Rachel Hopkin

Folklorist and Radio Producer

Rachel’s News   RSS Feed

This is the page where I note my thoughts about matters concerning radio production, folklore, cultural sustainability, and what I’m currently working on, as well as general musings regarding life as a folklorist/radio producer.

Casita Rincón Criollo

24 December, 2013

In my last news post, I wrote a little about the objectives of a recently formed American Folklore Society Task Force on Historic Preservation, and as I explained, my involvement with the Task Force relates to a pilot project in which we are trying to expand the use of the “Traditional Cultural Property” designation within the National Register of Historic Places nomination process. Read more

Traditional Cultural Properties and the National Register of Historic Places

Earlier this year I was asked to become part of an American Folklore Society (AFS) Task Force on Historic Preservation. One of the aims of this Task Force is to look into ways to expand the use of the special “Traditional Cultural Property” designation within the National Register of Historic Places nomination process. Read more

Musical Migrants – Possible New Series

Earlier this week I heard that BBC Radio is interested in commissioning a fourth series of Musical Migrants from me. I’ve made 15 of these programs so far and, if you’re interested, you can read a little about them on my Radio page. Series 4 is not yet confirmed but the prospect that it might be means that I am once again looking for people to take part. Read more

Return from the Folklorists in the South retreat

I got back from the Folklorists in the South retreat in Memphis a few days ago, but haven’t had a chance to report on it because of the end-of-semester frenzy (graduation day is less than two weeks away). I had a terrific time though; it was SO good to be among colleagues, many of whom I was meeting for the first time. Read more

Radio Recommendation: “Titanic – In Her Own Words”

I co-teach a graduate class on “Radio Production and Folklore” at Western Kentucky University. For most of the semester, I’ve been encouraging students to listen out for telling sound and to use it wherever appropriate in their own pieces in order to create rich aural texture. Read more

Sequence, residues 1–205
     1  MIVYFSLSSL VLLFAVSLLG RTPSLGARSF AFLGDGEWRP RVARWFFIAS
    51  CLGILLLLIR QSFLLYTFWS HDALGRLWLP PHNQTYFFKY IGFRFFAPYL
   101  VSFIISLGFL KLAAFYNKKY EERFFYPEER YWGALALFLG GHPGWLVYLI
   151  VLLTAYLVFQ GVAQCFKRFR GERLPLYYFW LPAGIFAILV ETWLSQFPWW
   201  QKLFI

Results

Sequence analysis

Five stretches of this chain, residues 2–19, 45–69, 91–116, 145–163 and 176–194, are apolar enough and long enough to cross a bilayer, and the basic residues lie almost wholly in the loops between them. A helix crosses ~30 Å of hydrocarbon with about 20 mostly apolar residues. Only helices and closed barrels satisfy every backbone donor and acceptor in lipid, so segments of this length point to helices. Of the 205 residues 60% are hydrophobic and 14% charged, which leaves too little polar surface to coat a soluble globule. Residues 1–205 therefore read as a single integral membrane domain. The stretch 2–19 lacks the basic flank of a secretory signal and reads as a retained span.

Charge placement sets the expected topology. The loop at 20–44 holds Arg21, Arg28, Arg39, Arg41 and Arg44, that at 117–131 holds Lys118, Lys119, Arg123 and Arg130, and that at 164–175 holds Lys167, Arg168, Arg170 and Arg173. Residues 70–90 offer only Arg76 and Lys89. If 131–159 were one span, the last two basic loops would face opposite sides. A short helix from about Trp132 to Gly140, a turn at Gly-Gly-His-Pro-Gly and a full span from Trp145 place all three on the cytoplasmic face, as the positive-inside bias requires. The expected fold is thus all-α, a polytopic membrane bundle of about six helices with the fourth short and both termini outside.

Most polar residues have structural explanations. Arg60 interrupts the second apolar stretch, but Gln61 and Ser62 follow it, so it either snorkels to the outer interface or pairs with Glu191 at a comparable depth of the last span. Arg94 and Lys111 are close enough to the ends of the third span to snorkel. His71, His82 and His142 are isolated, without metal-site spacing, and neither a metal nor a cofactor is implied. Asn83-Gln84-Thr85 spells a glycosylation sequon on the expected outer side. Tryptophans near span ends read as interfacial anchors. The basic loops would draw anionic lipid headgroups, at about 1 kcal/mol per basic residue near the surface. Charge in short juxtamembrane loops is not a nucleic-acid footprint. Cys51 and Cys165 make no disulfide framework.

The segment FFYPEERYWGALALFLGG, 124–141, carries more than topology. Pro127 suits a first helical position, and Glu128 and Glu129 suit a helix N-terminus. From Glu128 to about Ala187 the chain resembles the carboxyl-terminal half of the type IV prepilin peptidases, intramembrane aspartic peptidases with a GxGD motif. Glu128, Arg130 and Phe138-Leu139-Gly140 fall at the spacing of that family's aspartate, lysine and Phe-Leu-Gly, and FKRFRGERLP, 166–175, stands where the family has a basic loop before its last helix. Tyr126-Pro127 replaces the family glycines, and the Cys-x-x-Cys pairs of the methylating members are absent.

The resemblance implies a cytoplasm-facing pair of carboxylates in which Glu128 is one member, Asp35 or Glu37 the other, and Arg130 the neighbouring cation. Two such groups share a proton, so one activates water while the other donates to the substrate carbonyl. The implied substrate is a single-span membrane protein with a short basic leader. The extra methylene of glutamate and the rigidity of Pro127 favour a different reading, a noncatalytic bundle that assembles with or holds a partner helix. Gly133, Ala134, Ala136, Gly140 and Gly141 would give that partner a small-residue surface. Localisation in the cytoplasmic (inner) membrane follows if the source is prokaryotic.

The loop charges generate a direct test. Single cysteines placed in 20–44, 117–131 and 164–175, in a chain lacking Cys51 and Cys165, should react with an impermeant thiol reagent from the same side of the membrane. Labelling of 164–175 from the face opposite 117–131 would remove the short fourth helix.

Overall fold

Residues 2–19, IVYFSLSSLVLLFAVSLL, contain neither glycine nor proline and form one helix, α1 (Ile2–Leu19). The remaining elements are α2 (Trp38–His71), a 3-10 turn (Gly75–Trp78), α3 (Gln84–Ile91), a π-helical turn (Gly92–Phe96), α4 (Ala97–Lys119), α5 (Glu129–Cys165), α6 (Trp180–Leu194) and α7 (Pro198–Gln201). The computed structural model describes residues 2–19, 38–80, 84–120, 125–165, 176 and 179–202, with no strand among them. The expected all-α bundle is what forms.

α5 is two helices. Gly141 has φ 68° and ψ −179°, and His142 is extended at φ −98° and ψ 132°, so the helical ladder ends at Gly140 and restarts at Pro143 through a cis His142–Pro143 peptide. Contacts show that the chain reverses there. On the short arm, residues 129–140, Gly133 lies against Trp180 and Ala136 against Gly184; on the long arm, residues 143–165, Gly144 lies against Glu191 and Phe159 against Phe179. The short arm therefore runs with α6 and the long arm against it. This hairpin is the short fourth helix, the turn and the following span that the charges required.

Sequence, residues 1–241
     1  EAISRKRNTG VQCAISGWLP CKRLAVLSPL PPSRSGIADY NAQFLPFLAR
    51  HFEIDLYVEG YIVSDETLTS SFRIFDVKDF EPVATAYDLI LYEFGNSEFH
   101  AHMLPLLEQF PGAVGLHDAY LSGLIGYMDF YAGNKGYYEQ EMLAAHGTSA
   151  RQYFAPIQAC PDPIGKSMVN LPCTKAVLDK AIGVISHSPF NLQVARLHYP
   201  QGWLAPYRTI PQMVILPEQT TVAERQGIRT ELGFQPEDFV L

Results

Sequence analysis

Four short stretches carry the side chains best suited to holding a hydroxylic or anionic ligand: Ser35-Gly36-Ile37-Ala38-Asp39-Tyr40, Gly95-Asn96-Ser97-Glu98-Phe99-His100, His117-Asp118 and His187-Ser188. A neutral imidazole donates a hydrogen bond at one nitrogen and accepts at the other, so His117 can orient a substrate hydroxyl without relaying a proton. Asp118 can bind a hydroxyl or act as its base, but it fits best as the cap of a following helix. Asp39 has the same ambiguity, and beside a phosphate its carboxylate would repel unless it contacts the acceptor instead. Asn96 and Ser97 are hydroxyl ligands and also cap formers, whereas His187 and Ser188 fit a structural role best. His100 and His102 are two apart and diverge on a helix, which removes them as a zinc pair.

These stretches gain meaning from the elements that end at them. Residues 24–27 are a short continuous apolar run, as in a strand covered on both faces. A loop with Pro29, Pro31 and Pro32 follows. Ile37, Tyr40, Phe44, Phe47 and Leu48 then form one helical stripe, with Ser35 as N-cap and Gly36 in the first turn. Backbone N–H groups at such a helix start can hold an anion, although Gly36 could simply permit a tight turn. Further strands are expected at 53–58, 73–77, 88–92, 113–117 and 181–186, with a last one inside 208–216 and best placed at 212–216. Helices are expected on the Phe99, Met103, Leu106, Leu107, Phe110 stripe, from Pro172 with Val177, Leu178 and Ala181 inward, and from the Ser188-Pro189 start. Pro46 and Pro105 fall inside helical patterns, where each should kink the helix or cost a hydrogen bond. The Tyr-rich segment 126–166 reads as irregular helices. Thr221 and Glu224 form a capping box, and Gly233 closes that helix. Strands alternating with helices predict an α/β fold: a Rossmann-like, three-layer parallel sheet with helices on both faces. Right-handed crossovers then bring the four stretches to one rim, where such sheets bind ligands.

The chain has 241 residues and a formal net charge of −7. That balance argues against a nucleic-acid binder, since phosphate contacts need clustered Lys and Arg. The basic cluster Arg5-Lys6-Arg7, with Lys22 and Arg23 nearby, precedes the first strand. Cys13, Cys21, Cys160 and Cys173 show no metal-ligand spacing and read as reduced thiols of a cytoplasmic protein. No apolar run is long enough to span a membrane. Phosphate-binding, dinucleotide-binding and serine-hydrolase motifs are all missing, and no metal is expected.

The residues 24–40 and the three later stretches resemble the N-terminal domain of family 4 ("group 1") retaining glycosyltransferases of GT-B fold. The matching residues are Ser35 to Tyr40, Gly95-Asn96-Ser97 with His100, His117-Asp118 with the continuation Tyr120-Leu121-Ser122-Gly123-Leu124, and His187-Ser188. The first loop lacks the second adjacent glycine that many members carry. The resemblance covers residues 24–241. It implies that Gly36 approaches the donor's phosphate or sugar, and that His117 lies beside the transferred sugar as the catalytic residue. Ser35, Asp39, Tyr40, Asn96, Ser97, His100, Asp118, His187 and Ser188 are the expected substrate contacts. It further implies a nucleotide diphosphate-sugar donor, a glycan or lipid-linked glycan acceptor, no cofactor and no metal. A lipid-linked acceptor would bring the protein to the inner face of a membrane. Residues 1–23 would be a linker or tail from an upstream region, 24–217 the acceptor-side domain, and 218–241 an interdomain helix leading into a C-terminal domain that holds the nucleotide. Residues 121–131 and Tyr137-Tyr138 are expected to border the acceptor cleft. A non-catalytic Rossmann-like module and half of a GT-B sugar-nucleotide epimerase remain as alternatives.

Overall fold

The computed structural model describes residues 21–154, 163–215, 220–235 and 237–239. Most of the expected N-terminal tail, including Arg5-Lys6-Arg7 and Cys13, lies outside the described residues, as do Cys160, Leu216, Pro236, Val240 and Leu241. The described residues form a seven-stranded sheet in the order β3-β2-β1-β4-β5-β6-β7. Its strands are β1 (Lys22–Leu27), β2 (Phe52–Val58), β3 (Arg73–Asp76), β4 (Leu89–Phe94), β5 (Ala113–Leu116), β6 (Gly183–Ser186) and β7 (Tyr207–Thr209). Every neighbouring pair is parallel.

Folklorists in the South retreat – April 2012

In a couple of weeks’ time, I’m going to be spending a few days at the 2012 Folklorists in the South retreat, along with folklorists and folklore-friendly folk from nineteen US states. Read more

Comps Exams and Rites of Passage

Earlier this week I picked up my graduation cap and gown, and a sillier outfit it would be hard to find! Even so, it’s a tangible reminder that this Masters in Folk Studies program – to which I will have devoted two happy, if hard working, years – is shortly to end My peers and I are due to graduate on the 11th May. That’s seven weeks away, but between now and then, I have three classes to complete. And I have to take the comprehensive exams. Read more

From Fieldwork to First Drafts

In my last post, I was all exuberance, having just returned from a lovely fieldwork trip to east Kentucky where I spent some time with the old-time banjo master, George Gibson. Read more

George Gibson – First Meeting

I just got back from a delightful field trip to visit George Gibson. George is a wonderful banjo player from the mountains of east Kentucky. I first heard about him from the Kentucky fiddler, John Harrod, who told me he credited George with bringing about a revival of otherwise forgotten banjo playing styles among some of fine younger old-time musicians on the scene; people like John Haywood, Brett Ratliff and Jesse Wells. This intrigued me, so I’m now doing some research into the music George plays and his influence. It was my first chance to meet him in person, though we’d already had quite a few phone conversations and a great deal of email correspondence. Read more

Folk and Radio Production

10 December, 2013

During my final semester in the Folk Studies MA program at Western Kentucky University, I’m co-teaching a graduate class on folklore and radio production – two subjects dear to my heart. The aim of the class is to give an overview of the history of US radio production (with some nods to other countries), show how radio has long been a great medium for folkloric subjects, and to get students to the stage where they can make short audio packages themselves. Read more